Why is Hong Kong more competitive than Singapore?

by Hannah Norton29 May 2015
Singapore’s high cost of living, dropping labour productivity levels and attitudes towards foreign labour has seen Hong Kong overtake the city-state in a worldwide competitiveness index.

Singapore has ranked third in the annual world competitiveness ranking by Swiss business school IMD, overtaken by Hong Kong, who came in at second place.

The United States retained the pole position.

The study looked at 61 countries and ranked them according to four indicators – economic performance, government efficiency, business efficiency and infrastructure.

Singapore’s labour productivity fell for the fourth straight quarter in the first three months of the year, leading to a ranking of 12th for the “productivity and efficiency” indicator.

The city-state was ranked 50th of the 61 countries for the “prices” indicator, which took into account consumer price inflation (CPI), food, petrol and rent costs, to name a few.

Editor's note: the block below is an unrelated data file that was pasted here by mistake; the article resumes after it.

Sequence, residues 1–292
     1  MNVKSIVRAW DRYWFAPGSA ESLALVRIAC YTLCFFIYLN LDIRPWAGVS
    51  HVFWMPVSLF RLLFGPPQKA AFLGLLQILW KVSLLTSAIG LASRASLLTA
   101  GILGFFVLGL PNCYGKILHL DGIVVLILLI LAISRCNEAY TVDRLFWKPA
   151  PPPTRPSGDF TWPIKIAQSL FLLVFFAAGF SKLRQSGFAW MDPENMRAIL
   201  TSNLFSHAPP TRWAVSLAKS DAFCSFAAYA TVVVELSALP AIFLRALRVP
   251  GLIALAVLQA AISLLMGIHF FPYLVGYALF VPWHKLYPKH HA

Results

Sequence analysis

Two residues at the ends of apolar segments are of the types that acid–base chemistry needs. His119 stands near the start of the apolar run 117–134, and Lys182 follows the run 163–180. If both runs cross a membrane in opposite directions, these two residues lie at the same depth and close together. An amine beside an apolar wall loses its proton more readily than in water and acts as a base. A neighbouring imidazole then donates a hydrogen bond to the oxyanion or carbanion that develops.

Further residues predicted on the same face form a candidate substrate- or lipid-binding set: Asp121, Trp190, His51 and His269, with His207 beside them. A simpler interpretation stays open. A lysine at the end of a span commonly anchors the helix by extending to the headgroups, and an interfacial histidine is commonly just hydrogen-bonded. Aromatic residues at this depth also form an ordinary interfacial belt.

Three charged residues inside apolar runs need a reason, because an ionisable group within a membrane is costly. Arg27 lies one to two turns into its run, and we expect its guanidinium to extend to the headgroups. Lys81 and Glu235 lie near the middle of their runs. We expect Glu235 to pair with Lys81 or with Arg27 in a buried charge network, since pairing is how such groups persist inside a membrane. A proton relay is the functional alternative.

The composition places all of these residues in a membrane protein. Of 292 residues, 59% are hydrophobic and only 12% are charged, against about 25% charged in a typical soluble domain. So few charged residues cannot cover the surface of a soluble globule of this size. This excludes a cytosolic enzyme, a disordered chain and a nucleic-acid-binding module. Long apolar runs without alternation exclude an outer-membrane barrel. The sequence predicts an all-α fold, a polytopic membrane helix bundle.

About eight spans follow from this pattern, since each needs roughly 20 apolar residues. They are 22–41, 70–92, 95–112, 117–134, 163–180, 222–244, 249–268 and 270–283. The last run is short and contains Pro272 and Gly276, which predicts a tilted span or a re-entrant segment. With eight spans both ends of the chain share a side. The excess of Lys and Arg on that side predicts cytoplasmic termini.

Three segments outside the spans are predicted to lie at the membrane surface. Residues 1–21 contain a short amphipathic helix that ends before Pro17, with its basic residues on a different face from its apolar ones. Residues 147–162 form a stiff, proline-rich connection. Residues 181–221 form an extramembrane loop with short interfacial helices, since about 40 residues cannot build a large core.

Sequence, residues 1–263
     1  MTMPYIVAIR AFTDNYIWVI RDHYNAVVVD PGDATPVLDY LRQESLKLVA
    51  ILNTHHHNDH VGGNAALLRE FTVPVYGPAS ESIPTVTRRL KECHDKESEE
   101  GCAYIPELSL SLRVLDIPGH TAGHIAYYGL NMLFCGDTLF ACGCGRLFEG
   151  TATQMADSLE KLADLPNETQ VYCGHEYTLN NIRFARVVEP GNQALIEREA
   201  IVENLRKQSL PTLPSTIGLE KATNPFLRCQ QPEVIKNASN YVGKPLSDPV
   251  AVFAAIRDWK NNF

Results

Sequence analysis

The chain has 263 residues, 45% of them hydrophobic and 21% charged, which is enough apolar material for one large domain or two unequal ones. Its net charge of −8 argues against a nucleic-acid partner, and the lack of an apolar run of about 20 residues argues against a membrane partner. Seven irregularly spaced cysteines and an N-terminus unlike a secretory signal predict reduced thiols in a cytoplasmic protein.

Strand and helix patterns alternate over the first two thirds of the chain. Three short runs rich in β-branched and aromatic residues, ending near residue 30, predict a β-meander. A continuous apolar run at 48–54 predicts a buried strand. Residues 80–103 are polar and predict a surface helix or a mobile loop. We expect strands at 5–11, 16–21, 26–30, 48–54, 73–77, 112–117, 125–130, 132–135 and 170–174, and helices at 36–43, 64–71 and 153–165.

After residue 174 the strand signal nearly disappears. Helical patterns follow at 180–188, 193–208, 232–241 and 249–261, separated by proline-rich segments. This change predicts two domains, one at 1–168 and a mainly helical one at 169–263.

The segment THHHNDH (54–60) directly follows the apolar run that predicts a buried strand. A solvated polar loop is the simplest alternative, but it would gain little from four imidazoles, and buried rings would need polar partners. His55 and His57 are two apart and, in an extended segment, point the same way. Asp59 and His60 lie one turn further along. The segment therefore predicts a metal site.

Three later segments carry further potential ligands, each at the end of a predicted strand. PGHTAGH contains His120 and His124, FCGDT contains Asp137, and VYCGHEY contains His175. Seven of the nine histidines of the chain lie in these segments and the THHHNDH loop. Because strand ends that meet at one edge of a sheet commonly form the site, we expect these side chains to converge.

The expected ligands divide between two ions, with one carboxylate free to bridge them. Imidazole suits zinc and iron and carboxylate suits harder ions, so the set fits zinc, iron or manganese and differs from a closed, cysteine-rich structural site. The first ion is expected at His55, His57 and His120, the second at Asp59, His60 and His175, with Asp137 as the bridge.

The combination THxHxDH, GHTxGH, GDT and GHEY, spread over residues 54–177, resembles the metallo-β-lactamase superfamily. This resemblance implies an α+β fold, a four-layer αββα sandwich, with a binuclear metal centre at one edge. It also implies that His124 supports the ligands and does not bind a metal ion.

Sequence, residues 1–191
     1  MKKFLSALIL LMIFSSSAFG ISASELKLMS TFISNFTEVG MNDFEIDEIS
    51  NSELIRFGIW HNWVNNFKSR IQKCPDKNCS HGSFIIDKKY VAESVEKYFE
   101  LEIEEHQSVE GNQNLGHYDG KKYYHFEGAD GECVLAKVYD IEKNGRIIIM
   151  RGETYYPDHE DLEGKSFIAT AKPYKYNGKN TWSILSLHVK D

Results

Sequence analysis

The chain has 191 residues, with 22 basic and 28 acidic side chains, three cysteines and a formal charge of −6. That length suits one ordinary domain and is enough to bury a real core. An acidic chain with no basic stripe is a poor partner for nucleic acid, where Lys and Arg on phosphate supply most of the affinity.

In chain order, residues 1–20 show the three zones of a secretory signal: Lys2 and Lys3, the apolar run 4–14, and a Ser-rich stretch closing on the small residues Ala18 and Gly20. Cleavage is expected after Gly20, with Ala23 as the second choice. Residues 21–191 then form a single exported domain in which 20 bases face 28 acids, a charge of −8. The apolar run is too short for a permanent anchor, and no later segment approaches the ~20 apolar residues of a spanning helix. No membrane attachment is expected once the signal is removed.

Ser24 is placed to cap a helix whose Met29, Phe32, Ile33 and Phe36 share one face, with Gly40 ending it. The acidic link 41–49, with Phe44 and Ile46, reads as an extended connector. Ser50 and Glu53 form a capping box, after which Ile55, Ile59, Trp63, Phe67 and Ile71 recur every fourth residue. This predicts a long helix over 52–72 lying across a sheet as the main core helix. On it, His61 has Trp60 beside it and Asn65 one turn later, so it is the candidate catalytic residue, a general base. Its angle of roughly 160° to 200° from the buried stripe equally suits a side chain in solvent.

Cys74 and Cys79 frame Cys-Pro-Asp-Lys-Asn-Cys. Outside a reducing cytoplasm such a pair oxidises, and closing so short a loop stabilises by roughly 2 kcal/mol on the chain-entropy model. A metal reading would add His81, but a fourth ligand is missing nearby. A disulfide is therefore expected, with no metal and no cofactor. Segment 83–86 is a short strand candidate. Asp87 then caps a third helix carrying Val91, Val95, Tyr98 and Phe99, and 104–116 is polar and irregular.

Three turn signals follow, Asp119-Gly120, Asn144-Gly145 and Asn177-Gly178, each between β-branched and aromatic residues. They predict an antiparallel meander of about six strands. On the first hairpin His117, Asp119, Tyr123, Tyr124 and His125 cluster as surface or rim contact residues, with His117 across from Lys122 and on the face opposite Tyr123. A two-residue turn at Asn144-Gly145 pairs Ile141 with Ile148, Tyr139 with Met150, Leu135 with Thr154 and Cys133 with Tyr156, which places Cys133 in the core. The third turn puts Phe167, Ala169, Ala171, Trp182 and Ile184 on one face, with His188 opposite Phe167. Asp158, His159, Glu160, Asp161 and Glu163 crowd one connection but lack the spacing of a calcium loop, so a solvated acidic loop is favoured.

It was also ranked 58th for cost of living and 57th for immigration law.

Areas it did well in included several indicators of government efficiency, including government decisions, ease of doing business and adaptability of government policy, where it placed first.

“The new government policy is towards trying to protect Singaporeans, their jobs and Singapore businesses,” Professor Arturo Bris, director of the IMD World Competitiveness Center, said.

Nevertheless, Barclays economist Leong Wai Ho said the policy “reflects the push to reduce the economy’s over reliance on foreign unskilled labour”.

The rankings also included a survey of over 6,000 international executive who were quizzed on the most attractive factors of countries. Respondents said policy stability and predictability, reliable infrastructure and government competency, were Singapore’s top three attractions.

The bottom three areas included a strong research and development culture, cost competitiveness, and open and positive attitudes towards foreigners.

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